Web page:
Australia's independent label community is hoping to expand its presence in the global market through a pair of deals unveiled today (May 24).

Australia's independent label community is hoping to expand its presence in the global market through a pair of deals unveiled today (May 24).

Australian trade body the Assn. of Independent Record Labels has negotiated two separate deals on behalf of its membership.

The first, with British digital rights management specialist Rightsrouter, will allow AIR members to make their recordings available online and mobile services globally. Based in Glasgow, Rightsrouter is an independent company that offer a one-stop center for labels seeking to license their catalogs to digital-music services.

From this week, Aussie indie labels and artists can negotiate through Brisbane-based AIR, using Rightsrouter as their data, technology and licensing infrastructure to manage deals with online music services.

AIR CEO Stuart Watters comments, "We want to ensure that Australian indies are at the forefront of the global music market, and are able to take advantage of the new possibilities it presents to extend the value of their copyrights."

The Rightsrouter deal will pave the way for AIR members' content to be licensed to iTunes Music Stores in the United States and European territories.

The deal pre-empts the introduction of iTunes in Australia, which is tipped go live here by June 1. Apple Computer Australia has made no comment. Meanwhile, AIR executives have said that the computer giant is only negotiating with major Australian labels and three of the country's largest indie labels: Festival Mushroom Records, Shock Records and MGM Distribution. iTunes simultaneously launched in the United Kingdom, France and German last June with little available indie content.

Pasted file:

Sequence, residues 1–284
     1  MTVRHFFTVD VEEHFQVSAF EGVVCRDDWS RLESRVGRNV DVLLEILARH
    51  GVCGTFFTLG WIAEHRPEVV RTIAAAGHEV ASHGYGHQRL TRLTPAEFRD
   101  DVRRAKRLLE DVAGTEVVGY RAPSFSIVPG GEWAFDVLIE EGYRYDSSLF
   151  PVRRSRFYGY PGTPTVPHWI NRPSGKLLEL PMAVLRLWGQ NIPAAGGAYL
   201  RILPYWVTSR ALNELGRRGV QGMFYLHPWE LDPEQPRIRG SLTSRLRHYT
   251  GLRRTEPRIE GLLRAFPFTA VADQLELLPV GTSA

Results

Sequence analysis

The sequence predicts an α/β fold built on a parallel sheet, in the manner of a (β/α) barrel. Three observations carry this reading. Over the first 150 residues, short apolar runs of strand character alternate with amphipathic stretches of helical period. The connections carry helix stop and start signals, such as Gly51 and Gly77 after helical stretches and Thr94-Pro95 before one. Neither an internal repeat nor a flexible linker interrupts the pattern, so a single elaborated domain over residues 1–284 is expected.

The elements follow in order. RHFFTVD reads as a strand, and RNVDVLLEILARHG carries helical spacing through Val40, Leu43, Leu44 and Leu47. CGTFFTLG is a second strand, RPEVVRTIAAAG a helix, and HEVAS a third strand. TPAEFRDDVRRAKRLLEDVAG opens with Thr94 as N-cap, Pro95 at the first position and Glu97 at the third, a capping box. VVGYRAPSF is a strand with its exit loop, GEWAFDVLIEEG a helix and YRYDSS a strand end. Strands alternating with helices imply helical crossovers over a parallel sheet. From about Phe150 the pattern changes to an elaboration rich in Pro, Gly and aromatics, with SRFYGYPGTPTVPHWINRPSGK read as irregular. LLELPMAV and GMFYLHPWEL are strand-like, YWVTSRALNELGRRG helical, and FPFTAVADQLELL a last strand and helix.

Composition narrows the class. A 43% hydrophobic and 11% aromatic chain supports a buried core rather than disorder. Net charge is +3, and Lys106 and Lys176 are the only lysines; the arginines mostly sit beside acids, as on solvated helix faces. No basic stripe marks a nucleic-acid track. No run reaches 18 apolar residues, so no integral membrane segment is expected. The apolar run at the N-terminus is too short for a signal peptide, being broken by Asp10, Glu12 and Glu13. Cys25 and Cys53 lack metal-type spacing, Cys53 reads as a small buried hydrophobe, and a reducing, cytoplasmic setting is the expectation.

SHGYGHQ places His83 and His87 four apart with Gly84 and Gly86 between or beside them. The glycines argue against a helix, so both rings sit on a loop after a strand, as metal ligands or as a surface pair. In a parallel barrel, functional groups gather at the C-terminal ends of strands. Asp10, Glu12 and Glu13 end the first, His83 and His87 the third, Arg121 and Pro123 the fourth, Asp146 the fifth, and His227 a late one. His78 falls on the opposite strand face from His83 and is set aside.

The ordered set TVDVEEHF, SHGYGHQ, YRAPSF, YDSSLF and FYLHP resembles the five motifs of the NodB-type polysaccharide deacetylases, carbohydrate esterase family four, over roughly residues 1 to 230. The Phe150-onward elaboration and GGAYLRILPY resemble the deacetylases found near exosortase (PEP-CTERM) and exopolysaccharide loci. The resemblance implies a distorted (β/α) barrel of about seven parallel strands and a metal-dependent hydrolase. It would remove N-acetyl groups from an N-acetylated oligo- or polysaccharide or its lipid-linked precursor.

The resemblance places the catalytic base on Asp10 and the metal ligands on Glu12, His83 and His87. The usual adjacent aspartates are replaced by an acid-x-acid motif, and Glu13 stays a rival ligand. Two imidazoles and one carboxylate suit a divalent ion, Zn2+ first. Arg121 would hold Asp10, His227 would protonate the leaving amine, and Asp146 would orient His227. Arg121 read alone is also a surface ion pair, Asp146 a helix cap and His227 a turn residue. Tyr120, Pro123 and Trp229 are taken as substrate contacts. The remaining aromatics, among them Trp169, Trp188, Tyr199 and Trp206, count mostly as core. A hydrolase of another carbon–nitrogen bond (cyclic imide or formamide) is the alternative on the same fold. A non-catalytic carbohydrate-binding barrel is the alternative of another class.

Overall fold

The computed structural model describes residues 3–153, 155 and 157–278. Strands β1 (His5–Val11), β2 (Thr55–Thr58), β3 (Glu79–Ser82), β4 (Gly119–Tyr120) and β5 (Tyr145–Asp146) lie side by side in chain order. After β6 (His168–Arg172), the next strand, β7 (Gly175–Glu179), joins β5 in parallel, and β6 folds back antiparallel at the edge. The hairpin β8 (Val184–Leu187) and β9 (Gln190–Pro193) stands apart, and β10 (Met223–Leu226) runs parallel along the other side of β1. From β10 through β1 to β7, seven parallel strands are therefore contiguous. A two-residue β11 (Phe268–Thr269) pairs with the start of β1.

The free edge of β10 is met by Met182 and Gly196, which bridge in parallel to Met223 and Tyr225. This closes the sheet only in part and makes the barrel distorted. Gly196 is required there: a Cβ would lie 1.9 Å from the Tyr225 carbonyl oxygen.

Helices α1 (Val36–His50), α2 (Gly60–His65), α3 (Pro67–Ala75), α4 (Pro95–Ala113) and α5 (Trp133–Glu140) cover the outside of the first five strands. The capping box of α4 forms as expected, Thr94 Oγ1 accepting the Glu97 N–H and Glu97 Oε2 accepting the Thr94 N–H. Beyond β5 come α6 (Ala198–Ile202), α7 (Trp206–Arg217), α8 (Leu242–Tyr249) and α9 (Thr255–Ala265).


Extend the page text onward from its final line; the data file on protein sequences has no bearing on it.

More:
Separately, AIR has struck a pact with the Australian Government's export body Austrade. Through the agreement, Austrade will fund the first stand for Australian indie music at this year's Popkomm trade festival, September 14-16 in Berlin. Says Watters, "When Australian music businesses travel so far to connect with the big global music markets, it very important that they have the infrastructure to make the biggest impact possible."

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